In this post: Decorating your fall table with apples and honey and rustic table decor is the perfect way to celebrate the harvest or Rosh Hashanah dinner.⇒
One of the most wonderful customs surrounding Rosh Hashanah, the Jewish New Year, is the pairing of apples and honey. The apple slices are dipped in honey and eaten to signify a wish for a sweet New Year. But I’m always struck with the happy coincidence that apples are ever-present this time of year, a time of harvest, apple picking and back-to-school rituals. So naturally my holiday tablescape is often constructed around an apple motif.
To give the sweet elixir the presentation is deserves, each place setting can be set with miniature canning jars, tied with matching ribbon and decorated with the Hebrew greeting, Shanah Tovah (good year) and the date of the new year. If you’re setting a fall harvest table instead, you can use the jars as place cards with your guests’ names printed on the labels.
Vintage transferware plates lend a celebratory elegance to the scene, which mixes rustic table decor with more refined pieces.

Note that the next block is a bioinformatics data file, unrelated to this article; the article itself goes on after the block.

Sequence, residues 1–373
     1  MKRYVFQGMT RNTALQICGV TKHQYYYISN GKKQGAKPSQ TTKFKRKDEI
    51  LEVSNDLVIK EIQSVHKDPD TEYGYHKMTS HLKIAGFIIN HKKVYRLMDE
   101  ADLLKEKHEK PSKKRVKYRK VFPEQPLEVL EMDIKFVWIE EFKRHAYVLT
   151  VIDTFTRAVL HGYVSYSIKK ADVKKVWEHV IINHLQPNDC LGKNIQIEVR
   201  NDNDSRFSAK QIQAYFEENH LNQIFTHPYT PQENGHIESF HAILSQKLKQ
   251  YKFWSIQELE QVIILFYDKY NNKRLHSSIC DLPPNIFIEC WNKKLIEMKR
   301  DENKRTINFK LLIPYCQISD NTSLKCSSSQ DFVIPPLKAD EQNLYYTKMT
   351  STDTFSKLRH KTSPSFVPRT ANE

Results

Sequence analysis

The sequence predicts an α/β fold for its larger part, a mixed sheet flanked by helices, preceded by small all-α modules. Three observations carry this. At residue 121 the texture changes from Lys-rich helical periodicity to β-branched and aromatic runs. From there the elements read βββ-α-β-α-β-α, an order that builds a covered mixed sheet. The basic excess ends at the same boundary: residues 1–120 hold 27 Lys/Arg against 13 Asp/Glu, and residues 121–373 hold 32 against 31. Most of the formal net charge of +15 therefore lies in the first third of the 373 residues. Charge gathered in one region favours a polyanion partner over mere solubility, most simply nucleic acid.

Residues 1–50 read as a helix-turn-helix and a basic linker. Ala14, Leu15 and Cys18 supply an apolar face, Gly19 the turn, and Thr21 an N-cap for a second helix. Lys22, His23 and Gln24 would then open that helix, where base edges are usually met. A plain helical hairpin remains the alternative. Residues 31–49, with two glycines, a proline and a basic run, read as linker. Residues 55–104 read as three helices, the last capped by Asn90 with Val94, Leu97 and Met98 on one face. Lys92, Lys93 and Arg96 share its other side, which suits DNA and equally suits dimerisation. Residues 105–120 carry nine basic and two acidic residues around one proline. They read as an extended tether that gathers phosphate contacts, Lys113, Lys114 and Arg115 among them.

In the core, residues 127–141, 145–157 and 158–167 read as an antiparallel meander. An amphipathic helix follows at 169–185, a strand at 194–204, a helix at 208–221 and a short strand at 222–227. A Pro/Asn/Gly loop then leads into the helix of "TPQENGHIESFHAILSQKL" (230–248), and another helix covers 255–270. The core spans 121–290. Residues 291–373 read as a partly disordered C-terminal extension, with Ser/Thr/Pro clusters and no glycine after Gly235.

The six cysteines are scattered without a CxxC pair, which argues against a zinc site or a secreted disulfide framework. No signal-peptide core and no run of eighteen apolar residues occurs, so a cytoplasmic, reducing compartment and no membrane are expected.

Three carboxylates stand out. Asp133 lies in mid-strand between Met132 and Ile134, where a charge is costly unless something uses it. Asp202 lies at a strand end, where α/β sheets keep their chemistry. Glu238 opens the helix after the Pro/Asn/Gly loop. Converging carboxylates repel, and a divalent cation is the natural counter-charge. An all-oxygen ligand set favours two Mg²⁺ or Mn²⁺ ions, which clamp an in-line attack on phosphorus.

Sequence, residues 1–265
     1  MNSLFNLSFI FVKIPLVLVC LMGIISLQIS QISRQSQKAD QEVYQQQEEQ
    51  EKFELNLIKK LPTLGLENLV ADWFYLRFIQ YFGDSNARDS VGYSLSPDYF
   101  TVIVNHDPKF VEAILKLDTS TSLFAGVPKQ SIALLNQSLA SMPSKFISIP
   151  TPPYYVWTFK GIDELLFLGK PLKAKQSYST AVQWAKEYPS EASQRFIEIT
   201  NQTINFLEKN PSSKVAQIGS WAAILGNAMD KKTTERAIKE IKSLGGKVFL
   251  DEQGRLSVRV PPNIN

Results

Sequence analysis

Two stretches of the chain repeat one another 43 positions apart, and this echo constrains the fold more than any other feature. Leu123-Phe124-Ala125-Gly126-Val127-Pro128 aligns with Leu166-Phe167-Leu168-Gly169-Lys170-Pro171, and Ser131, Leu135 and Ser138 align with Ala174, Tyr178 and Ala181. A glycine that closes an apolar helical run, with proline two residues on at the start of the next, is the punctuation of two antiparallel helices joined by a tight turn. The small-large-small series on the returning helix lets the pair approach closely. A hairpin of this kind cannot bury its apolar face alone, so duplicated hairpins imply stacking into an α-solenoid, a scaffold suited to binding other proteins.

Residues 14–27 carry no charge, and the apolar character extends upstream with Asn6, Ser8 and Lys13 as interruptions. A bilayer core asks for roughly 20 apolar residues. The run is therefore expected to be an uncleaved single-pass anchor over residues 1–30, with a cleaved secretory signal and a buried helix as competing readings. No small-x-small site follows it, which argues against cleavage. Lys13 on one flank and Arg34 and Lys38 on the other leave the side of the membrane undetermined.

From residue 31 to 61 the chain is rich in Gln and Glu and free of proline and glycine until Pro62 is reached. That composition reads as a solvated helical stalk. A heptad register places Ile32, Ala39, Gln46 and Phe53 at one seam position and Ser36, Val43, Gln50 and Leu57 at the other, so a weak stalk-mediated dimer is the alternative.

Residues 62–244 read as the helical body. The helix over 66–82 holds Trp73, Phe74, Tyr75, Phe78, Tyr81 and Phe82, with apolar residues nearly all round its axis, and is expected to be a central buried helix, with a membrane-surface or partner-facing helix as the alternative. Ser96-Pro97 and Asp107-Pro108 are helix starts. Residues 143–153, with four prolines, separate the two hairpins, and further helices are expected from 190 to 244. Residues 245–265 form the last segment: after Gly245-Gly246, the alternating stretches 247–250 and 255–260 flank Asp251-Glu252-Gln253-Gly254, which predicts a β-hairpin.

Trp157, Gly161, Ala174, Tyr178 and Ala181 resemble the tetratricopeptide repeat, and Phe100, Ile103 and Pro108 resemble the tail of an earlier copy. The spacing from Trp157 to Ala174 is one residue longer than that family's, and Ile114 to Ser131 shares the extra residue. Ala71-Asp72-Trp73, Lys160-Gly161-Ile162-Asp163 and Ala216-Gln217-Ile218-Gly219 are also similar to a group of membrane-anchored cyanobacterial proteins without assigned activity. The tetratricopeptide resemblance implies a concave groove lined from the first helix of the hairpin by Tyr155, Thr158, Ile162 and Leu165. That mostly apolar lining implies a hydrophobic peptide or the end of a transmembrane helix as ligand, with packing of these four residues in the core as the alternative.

The floral arrangements are based around red roses, special enough for the event, yet tied with casual checked ribbon and flecked with berries and stalks to be reminiscent of a day in the country picking apples.
The wire rack centerpiece holds a round challah, another custom unique to Rosh Hashanah dinner, when challahs are baked round (rather than long and braided) to signify the cyclical nature of the year. The pomegranate represents the good deeds commanded by God, as the fruit is reputed to have 613 seeds, the same number as the total number of commandments.
The napkin rings are an easy DIY, starting with a simple silver base and looping around it burlap leaves to match the tablecloth and sweet little faux acorns. Red napkins parallel the palette of the apples.
To amplify the apples and honey, apples are scattered about the table, spilling from baskets and piled in buckets. As a balance to the bold red, white pumpkins are mixed in to foreshadow the coming season. Rattan chargers further reinforce the rustic/elegant balance.
Placed on the sideboard are creamy white pumpkin ceramic pieces and a vintage cookie jar, another nod towards the coming Fall.
The vignette at the center of the table features buckets, baskets and wire racking to display the seasonal elements. If you don’t celebrate Rosh Hashanah, this is a wonderful table setting to use for any autumn dinner with friends and family.
Now if only I had a great apple pie recipe, dinner would be complete!
(For your fall table, you can replace the apples and honey with home made applesauce.)
Apples and Honey Resource List
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